My Design School Grand Finale

If you read my blog regularly, then you’re probably wondering where I’ve been. Well, it’s been a bit crazy finishing up my interior design program, but the great news is that I’m done! So I’m bound and determined to get back to blogging regularly again. And to read a book. And to do some yoga. But definitely the blog!

In case your curious about what exactly I’ve been doing in these all-consuming classes of mine, here I’m sharing my final project in my final class in the program, sort of my design school grand finale. The challenge was to design a conceptual three-story live/work unit inspired by the designs of both an architect and a fashion designer. In my case, I chose two people whose designs I feel compliment each other: Daniel Libeskind (architect) and Prabal Gurung (fashion designer). Here’s a photo of my inspiration board:


I would not say this is generally the style I gravitate toward in my own daily life but that’s exactly why I was so excited by the pairing of these two artists. What I really like about them both is each of their use of geometric shapes to create battling senses of symmetry and asymmetry, as well as the ways in which each of them use contrast to accentuate their designs. In the case of Daniel Libeskind, I was especially inspired by his combining of the old and the new in some of his projects. Often the shapes he uses in his architecture resemble a crystal or iceberg protruding from an otherwise symmetrical, grounded structure.

All of us in the class were given the same 3-story space to work within, assumed to be one unit in multi-unit building. We were given a program which included requirements like the number of bedrooms, bathrooms, offices, and common areas. After that, we were free to explore our design concepts in whatever way we chose. I knew I would need to add a Libeskind-esque iceberg-like element to the structure, and chose to do this by way of a skylight.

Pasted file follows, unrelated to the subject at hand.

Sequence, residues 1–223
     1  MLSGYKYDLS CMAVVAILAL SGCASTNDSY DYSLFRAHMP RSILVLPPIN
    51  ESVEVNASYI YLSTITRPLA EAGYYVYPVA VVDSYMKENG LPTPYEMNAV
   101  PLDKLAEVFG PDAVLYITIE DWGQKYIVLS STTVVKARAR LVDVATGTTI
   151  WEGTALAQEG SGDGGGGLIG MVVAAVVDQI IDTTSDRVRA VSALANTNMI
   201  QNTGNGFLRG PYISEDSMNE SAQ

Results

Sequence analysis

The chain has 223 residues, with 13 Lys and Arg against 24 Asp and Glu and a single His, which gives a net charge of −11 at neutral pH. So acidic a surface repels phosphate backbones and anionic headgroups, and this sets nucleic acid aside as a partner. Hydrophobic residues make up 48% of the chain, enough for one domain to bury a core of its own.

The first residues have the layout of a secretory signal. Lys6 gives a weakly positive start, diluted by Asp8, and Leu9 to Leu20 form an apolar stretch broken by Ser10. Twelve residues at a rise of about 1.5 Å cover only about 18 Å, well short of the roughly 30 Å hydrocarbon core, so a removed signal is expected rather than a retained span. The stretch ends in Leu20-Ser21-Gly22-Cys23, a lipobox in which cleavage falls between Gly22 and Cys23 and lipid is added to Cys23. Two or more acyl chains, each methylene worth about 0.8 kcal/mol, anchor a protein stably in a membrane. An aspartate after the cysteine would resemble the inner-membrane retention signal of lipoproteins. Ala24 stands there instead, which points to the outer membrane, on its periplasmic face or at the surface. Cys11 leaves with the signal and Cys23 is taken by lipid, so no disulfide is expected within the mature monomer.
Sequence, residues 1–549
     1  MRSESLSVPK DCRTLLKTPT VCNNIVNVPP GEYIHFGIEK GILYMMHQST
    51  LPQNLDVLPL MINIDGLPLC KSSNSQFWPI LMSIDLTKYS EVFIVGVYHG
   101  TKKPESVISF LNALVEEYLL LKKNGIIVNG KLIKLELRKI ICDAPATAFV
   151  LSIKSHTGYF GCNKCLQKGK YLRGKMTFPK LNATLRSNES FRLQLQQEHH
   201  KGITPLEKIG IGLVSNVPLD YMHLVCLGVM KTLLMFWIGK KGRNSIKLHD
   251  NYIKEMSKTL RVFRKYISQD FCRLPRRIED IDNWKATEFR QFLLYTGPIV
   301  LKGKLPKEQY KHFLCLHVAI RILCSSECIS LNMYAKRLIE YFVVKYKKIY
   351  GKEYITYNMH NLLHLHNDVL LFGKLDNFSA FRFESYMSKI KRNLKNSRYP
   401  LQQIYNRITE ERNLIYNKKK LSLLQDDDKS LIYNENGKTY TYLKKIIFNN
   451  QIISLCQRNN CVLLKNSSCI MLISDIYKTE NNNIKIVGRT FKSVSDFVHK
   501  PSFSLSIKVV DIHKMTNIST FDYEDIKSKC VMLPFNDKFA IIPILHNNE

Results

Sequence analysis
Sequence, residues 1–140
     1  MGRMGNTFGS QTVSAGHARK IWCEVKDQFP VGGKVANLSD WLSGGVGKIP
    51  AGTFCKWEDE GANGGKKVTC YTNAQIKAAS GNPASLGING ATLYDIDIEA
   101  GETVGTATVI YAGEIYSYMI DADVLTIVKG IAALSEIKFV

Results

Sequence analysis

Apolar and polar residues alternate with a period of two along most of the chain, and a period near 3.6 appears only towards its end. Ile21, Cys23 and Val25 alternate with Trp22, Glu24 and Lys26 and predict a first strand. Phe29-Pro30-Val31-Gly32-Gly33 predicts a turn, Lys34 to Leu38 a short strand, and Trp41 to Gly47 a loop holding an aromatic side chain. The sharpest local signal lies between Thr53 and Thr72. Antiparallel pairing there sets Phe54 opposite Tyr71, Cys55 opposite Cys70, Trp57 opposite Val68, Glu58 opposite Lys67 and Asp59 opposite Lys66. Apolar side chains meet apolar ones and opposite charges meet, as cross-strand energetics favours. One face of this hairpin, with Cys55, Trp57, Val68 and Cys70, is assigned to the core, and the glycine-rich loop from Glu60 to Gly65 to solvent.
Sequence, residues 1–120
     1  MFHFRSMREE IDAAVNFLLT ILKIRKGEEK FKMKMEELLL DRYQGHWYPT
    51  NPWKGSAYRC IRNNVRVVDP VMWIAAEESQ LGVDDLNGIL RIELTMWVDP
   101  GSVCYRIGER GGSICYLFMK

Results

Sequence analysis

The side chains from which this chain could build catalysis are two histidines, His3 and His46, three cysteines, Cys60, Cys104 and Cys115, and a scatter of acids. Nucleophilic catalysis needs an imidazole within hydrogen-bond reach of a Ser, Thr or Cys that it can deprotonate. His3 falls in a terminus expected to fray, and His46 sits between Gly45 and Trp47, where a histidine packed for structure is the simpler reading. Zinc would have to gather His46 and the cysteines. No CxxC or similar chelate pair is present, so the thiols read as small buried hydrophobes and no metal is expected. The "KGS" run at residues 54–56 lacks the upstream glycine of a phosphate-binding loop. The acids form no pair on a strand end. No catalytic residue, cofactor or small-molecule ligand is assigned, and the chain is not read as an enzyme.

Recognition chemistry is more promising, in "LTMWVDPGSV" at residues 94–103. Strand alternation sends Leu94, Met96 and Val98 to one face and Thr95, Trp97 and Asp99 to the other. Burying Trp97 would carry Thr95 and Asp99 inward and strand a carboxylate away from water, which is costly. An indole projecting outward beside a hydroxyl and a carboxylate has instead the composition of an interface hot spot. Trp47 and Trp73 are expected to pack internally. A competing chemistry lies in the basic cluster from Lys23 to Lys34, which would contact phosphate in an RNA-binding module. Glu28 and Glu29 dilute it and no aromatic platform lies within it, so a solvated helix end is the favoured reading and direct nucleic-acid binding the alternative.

Exterior View

Below are four section-views (imagine cutting an apple in half, top to bottom, and looking at a perfect dissection of the inside). You can see furniture placement, materials, and the arrangement of the rooms within the space. Architecturally, I played a lot with the geometry of the walls. I wanted one cohesive set of geometry to pass through the entire space, which I used as the walls dividing each of the rooms. I wanted a person to be able to walk into the space and fully experience that geometry, not just see it visually. With that, I also wanted the overall space to feel very open, so I created a couple of double-height spaces; one is in the kitchen, which is open to the dining room above, and the other is in the living room which is open to the floor above, and then to the skylight beyond that. Section A color Section B color Section C color Section DThe first floor is essentially the “public” space and contains two offices, a common work/collaboration area, a powder room and the kitchen. The common work area also opens to the patio.
Floor Plan Level 1 The lighting is meant to be both functional and aesthetic, and includes a series of custom fluorescents inspired by Libeskind’s designs inset into the ceiling, as well as down-lights and wall-washers to highlight the entrance and the surrounding geometry on the adjacent walls.RCP Level 1

I chose a combination of geometric and industrial furniture furniture that compliment the style of Gurung’s and Libeskind’s designs while also creating a unique look that felt distinctly mine. On my materials board, I showed these as well as my custom design for desks for the offices. Throughout the design I dropped in elements of copper to brighten the look and feel of the color palette rooted in dark grays, champagnes, and whites. Finishes shown here include the carpet tile used in the private offices, paint colors for the non-sculpted walls, fabric used on the office guest chairs, a representation of the copper elements, and the kitchen cabinets, counter tops, and back splashes.DSCN5412